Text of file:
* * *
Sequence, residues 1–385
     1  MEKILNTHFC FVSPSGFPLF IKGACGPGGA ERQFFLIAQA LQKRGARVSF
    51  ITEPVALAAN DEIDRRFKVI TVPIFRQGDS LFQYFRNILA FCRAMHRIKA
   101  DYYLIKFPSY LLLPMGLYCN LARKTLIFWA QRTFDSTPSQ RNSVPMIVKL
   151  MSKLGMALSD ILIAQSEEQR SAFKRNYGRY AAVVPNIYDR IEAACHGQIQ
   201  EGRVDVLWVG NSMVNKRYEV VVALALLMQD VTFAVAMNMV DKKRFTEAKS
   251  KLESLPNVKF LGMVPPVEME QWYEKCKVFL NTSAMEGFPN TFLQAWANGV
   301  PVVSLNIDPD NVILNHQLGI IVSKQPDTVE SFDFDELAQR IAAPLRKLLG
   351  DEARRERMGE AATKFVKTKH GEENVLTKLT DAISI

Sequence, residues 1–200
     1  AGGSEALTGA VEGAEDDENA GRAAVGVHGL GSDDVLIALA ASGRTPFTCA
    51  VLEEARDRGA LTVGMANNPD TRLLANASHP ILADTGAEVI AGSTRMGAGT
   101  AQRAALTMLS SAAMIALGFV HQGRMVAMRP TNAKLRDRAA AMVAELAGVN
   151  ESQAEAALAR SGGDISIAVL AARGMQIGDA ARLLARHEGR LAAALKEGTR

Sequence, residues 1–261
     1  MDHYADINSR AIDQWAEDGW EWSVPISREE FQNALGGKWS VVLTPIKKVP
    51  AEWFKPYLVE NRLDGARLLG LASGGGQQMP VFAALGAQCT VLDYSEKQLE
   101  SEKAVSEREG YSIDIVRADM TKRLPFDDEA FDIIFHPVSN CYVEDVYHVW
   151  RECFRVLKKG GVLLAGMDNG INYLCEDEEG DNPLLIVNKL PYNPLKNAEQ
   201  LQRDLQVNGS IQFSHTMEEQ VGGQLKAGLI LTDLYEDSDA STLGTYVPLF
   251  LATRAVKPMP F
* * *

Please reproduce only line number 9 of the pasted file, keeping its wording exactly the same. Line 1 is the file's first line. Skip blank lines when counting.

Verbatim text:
   351  DEARRERMGE AATKFVKTKH GEENVLTKLT DAISI